The website Woihanble is one of the latest efforts to in South Dakota revitalize the Lakota language. It translates local stories from news outlets that cover South Dakota reservations from English to Lakota.

Jenifer Jones / SDPB

Lawmakers in Pierre support two programs aimed at Native American education. One measure seeks to help people who want to finish college courses so they can teach in Native American schools. The other sets up a pilot program to combine innovative cultural teachings with standard subjects.

New BHFCU TV Commercial In Lakota

Jan 31, 2016

If you live in the Black Hills area you may have seen a recent commercial entirely in Lakota on TV.

It’s an advertisement for the Black Hills Federal Credit Union and it’s airing on every broadcast and cable TV network in the Hills area

Credit Union officials say they want to reach out to Lakota people in their own language.

Two Lakota versions of the BHFCU commercial are circulating, one with the Lakota female dialect and one with the male.  A third version of the commercial is in English.

Jenifer Jones

A state Senate panel is endorsing education plans that focus on supporting Native American students. One of those measures funds programs that focus on incorporating Indian culture and language into standard subjects. 


The Oglala Lakota College is receiving a grant of $25,000 from a tribe in Minnesota. The grant money will fund the Lakota immersion school for kindergarten through fifth grade students on the Pine Ridge Indian Reservation. Leaders want to prevent the loss of the Lakota language.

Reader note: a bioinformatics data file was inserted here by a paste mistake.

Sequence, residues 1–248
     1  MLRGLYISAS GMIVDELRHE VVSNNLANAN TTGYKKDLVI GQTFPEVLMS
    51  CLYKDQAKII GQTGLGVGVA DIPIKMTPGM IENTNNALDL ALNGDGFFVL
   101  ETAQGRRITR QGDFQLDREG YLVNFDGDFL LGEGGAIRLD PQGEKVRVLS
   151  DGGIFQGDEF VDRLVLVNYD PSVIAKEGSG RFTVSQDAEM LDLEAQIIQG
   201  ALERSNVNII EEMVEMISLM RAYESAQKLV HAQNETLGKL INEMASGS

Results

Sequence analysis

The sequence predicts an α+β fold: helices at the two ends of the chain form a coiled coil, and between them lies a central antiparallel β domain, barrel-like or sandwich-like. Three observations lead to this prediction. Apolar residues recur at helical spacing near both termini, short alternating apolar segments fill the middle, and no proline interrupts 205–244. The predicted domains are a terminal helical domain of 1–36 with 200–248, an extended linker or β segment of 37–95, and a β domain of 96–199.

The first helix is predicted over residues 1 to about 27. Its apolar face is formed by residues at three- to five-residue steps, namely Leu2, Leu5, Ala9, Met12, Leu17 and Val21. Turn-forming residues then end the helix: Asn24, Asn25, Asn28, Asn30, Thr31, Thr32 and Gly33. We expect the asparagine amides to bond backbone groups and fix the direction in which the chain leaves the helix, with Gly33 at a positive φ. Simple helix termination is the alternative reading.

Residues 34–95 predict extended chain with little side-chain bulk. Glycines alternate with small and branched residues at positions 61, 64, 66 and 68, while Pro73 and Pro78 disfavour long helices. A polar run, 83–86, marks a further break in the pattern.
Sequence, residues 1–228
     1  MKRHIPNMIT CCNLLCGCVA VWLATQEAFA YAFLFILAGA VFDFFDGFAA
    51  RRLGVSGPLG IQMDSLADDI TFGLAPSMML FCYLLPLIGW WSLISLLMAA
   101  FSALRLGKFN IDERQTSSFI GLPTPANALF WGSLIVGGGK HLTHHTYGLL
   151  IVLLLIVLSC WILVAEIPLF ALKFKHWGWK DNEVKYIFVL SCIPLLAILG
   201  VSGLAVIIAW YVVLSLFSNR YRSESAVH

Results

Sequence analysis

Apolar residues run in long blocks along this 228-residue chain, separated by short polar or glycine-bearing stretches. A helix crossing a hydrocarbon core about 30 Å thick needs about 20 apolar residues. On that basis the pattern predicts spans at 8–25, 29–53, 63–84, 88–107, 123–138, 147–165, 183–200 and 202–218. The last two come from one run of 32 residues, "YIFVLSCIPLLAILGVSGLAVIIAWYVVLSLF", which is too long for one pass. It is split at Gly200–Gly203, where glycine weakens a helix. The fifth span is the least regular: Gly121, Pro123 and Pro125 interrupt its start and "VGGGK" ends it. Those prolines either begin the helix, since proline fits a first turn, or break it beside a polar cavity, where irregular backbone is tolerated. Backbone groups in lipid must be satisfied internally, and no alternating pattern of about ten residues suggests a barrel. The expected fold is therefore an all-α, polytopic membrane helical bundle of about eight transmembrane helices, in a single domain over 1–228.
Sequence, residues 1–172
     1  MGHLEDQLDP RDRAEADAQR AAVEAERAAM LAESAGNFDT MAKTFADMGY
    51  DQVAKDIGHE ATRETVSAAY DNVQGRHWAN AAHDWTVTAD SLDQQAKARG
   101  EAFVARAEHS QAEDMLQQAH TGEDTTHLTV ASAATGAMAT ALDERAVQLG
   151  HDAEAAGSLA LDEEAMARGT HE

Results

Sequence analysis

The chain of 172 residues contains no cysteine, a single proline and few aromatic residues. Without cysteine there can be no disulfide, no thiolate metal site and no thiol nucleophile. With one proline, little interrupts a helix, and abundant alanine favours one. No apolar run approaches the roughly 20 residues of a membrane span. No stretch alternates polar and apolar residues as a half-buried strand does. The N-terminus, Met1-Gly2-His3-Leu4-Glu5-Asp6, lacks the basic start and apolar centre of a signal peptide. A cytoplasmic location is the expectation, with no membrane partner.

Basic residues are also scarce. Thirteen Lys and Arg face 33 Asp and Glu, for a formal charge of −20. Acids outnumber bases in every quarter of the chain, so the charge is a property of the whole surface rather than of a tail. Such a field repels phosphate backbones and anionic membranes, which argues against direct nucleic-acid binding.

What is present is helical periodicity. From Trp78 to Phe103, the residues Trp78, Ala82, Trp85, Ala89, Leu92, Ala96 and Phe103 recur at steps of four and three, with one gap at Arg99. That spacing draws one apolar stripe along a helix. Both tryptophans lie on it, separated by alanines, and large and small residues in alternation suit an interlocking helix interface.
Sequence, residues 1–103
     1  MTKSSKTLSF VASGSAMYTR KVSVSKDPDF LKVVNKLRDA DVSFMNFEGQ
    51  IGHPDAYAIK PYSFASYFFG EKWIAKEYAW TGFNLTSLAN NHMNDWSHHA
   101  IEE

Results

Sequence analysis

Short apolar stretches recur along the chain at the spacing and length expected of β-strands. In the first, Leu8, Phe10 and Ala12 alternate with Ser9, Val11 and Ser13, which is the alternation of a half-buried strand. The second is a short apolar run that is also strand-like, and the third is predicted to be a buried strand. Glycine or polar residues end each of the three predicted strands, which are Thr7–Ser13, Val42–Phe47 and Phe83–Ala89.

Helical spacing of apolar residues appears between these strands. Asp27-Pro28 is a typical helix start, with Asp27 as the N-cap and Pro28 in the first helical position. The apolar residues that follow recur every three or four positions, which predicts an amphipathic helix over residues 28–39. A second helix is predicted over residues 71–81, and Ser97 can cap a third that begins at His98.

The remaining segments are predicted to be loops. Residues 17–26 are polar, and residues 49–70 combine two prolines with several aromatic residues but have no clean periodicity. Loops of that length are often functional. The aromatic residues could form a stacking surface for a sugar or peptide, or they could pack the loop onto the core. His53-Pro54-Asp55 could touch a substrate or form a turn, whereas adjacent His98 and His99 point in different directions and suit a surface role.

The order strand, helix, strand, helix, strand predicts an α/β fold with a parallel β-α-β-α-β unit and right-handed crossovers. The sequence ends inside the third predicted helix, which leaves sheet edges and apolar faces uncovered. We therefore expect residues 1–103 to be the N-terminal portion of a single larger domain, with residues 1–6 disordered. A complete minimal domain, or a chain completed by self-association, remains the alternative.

The Shakopee Native American tribe in Minnesota is helping fund the Lakota language program. The grant will allow around 30 children to learn their native language at the childcare facility.

Laughter And Learning At The Lakota Language Bowl

Dec 23, 2014
Red Cloud Indian School / www.RedCloudSchool.org

The Lakota Nation Invitational concluded last week.  It’s one of the biggest events of the year in Rapid City featuring 2,500 students from schools across the region competing in everything from basketball to an art show.

LNI also incudes a Lakota Language Knowledge Bowl.  Organizers say it makes preserving the language fun for kids.

(Click play below to hear more.)

Rosalie Little Thunder Mourned In SD

Aug 11, 2014

Prominent Lakota language teacher, activist, author, artist and elder Rosalie Little Thunder died on August 9th at the age of 64.    Little Thunder’s work ranged widely from Lakota language preservation to restoring buffalo on the Great Plains.

The Legacy Of Albert White Hat

Jun 20, 2013

Wilhelm Meya, executive director of the Lakota Language Consortium, discusses the legacy of Albert White Hat, who was instrumental in teaching the endangered American Indian language to new generations for nearly four decades. White Hat died last week at the age of 74. White Hat authored several books on writing and reading Lakota, a language spoken fluently by fewer than 6,000 people. The average age of those speakers is 60, and less than 14-percent of the Lakota population in South Dakota and North Dakota - where the vast majority of Lakota speakers live - speaks their native tongue.